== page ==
B. International Electronic Funds Transfers

The Economic Action Plan 2013 announced that certain financial intermediaries will be required under the Income Tax Act to report to the Canada Revenue Agency international electronic funds transfers of $10,000 or more. This measure clarifies that those reports may be used for the purposes of the administration of the GST/HST. Draft legislative proposals were released for comment on January 9, 2014.

This amendment is consequential to amendments to the Income Tax Act. Similar amendments are also made to the Excise Act, 2001 and Air Travellers Security Charge Act.

This measure applies as of January 1, 2015.

C. Offshore Tax Informant Program

Under the Offshore Tax Informant Program, originally announced in Economic Action Plan 2013, the Canada Revenue Agency will pay rewards to individuals who provide information relating to major international tax non-compliance where that information leads to the collection of tax. This measure permits the sharing of GST/HST information for the purposes of the administration by the Canada Revenue Agency of this Program and defers payments to provinces for assessed taxes until those taxes have been collected.

Similar amendments are made to the Income Tax Act and Excise Act, 2001.

This measure applies on Royal Assent.

D. Serious Offences

This measure amends the GST/HST confidential information provisions to permit the disclosure of confidential information to an appropriate police organization where there are reasonable grounds to suspect that the information would be relevant to the investigation of a serious criminal offence, including money laundering. Draft legislative proposals were released for comment on July 12, 2013.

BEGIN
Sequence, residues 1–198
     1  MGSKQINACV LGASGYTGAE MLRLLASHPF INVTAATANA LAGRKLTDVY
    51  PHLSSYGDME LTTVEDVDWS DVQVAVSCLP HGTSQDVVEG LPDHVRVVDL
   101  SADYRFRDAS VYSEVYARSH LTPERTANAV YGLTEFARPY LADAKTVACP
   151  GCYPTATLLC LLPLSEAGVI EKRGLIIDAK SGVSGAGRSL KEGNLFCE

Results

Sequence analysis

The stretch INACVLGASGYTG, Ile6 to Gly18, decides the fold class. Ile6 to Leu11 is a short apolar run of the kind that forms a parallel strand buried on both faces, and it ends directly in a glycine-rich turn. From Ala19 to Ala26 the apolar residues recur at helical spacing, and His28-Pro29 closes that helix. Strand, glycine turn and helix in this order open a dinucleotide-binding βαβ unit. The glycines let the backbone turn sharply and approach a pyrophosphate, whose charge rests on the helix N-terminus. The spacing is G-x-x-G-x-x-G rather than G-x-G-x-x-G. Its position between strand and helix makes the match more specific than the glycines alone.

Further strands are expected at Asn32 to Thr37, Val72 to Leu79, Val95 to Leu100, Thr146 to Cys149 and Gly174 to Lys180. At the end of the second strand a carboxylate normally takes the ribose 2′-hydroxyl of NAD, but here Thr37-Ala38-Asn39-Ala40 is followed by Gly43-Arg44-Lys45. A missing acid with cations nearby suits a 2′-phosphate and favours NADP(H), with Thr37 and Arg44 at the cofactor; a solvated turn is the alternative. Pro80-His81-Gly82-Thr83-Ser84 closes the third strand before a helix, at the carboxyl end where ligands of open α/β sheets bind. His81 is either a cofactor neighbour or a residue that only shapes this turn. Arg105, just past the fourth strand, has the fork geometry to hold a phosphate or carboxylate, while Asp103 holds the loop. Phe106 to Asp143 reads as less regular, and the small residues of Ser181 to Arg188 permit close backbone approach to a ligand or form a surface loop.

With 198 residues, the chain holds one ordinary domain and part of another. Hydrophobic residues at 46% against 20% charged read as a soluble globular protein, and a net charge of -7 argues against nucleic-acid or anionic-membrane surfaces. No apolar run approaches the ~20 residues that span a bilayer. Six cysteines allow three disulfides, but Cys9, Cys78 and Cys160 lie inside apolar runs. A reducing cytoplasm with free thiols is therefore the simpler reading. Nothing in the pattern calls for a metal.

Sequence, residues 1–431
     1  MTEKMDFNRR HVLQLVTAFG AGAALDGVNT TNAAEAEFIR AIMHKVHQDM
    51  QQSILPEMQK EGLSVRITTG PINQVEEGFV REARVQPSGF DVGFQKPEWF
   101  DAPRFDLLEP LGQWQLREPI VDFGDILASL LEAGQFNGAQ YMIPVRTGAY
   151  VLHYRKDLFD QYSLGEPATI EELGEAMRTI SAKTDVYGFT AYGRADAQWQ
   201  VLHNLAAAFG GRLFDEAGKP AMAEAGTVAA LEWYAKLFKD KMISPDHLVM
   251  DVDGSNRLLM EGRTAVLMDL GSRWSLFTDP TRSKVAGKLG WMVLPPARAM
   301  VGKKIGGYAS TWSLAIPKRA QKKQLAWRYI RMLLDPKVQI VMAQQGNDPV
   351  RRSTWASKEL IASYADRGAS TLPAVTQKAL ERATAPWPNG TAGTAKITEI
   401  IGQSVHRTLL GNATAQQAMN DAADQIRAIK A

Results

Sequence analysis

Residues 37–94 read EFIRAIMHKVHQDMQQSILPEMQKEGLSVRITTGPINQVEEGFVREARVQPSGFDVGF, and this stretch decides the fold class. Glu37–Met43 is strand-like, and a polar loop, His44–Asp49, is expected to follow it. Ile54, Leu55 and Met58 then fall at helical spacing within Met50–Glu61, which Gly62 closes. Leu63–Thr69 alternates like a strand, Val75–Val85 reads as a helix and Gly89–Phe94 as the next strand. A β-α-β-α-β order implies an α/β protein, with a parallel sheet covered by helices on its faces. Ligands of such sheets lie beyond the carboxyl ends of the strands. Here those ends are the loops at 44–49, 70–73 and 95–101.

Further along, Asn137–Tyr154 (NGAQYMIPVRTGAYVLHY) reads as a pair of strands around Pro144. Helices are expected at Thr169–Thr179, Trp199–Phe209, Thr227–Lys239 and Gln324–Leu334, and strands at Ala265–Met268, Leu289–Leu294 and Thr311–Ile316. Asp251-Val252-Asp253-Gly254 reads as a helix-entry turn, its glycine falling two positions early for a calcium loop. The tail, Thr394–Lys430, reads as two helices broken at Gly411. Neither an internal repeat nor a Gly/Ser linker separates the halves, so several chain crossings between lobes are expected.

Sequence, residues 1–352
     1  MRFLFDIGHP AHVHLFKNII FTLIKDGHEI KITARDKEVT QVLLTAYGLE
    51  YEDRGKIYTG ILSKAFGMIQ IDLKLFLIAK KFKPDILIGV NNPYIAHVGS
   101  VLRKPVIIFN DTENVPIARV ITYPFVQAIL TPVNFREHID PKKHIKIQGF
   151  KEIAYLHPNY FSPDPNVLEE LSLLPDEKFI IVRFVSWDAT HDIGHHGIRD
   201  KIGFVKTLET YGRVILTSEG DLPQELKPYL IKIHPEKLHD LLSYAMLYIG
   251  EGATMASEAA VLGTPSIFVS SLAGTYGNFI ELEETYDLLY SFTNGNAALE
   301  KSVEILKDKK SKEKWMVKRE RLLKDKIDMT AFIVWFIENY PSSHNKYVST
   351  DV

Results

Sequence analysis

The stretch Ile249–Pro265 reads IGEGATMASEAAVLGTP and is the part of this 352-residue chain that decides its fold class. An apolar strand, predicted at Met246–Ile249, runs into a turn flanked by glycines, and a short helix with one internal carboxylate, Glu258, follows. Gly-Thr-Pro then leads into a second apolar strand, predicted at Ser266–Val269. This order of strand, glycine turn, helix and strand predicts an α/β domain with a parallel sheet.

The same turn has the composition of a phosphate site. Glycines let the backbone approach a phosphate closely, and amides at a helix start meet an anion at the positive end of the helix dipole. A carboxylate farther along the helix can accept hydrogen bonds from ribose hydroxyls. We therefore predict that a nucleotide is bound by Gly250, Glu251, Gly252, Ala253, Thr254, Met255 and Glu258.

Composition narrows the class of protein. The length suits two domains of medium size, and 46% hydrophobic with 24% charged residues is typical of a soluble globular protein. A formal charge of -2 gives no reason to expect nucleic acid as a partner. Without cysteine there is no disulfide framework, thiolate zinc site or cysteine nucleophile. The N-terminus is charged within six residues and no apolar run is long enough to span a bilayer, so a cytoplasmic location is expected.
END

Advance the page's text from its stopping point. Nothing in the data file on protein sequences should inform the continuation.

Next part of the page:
Similar amendments are made to the Income Tax Act and Excise Act, 2001.

This measure applies on Royal Assent.

E. Amendments to Prevent Input Tax Credit Claims that Exceed Tax Actually Paid

Under the Excise Tax Act, businesses can generally claim input tax credits to recover any GST/HST that they pay to acquire property or services for use in their commercial activities. However, in a recent decision by the Tax Court of Canada, a business was allowed to claim input tax credits in respect of amounts of GST that the business had already recovered from suppliers through credit notes.

This measure clarifies that a person cannot claim input tax credits in respect of an amount of GST/HST that has already been recovered by the person from a supplier. Draft legislative proposals were released for comments on January 17, 2014.

This clarifying measure will generally be effective the date the provisions being amended were enacted.